At least one U.S. congressman and many safety experts raised questions about whether incomplete disclosure to the Department of Homeland Security may have contributed to the explosion. In a statement, Mississippi Congressman Bennie Thompson said: “It seems this manufacturer was willfully off the grid. This facility was known to have chemicals well above the threshold amount to be regulated under the Chemical Facility Anti-Terrorism Standards Act (CFATS), yet we understand that DHS did not even know the plant existed until it blew up.”
Thompson went on to say: “I strongly believe that if the proper safeguards were in place, as are at thousands of (DHS) CFATS-regulated plants across the country, the loss of life and destruction could have been far less extensive.”
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If you were injured or endured property damage, or if you lost a loved one in the West, Texas fertilizer plant explosion, contact an experienced Texas personal injury lawyer today. For a free consultation, call 1-800-455-1054 or contact us online. If you are represented by The Herrera Law Firm, Inc., you won’t have to pay us any fees unless we make a recovery. Act promptly. A delay may affect your right to pursue compensation.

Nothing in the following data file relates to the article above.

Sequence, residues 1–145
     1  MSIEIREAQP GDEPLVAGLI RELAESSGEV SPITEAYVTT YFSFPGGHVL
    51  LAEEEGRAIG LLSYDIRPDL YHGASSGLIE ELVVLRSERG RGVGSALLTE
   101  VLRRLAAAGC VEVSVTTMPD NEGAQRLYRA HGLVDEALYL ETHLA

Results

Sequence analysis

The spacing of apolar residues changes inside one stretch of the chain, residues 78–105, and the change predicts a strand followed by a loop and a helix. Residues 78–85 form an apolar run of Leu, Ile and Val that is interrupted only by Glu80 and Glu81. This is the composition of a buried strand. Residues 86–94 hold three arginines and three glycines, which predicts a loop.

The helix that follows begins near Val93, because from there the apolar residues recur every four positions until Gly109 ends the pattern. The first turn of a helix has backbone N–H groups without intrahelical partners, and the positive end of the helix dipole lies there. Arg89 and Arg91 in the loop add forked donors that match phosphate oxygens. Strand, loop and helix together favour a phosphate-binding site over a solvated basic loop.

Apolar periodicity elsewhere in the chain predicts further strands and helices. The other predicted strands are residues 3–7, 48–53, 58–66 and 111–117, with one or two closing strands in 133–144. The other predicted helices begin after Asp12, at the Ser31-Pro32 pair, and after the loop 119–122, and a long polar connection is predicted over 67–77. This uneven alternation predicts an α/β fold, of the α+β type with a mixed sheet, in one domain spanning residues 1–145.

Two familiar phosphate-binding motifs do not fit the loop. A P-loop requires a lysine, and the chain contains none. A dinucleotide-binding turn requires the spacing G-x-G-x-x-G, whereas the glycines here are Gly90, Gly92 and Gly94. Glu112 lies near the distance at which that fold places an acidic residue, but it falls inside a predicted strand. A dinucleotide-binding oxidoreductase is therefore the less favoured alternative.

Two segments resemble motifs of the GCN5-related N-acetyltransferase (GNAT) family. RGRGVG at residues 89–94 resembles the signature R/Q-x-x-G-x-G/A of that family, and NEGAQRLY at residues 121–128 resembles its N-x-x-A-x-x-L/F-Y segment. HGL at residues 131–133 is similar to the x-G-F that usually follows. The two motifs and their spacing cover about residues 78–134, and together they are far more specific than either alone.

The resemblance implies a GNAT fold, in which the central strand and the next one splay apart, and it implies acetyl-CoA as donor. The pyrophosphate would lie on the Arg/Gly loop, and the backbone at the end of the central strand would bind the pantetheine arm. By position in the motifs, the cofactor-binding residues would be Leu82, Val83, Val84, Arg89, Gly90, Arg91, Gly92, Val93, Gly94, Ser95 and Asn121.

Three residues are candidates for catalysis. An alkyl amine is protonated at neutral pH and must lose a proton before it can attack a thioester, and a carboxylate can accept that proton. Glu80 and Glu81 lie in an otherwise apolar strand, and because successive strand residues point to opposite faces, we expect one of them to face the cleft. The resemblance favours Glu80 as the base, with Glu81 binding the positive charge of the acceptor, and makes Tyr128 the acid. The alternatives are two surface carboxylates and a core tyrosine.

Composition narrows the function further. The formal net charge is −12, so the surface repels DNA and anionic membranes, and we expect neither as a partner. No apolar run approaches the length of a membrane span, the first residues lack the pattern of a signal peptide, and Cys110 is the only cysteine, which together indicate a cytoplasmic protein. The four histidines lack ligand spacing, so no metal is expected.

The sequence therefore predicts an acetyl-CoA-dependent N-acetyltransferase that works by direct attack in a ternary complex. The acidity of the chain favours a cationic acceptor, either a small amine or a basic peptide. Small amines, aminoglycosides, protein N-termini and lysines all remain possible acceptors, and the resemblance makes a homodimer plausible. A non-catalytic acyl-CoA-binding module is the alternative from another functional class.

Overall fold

April 23 (Reuters) – The owner of a fertilizer plant that exploded last week killing 14 people and destroying dozens of homes and an apartment complex in a tiny Texas town is being sued by a single mom and by several insurance companies.
Two lawsuits, filed in McLennan County district court, have accused Adair Grain, Inc, the parent company of West Fertilizer Co, of negligence, according to copies of the filings provided by the court on Tuesday.
The company “was negligent in the operation of its facility, creating an unreasonably dangerous condition, which led to the fire and explosion,” said a lawsuit filed on Friday by insurance companies on behalf of individuals, two churches, and businesses including a Chevrolet car dealer and a bakery.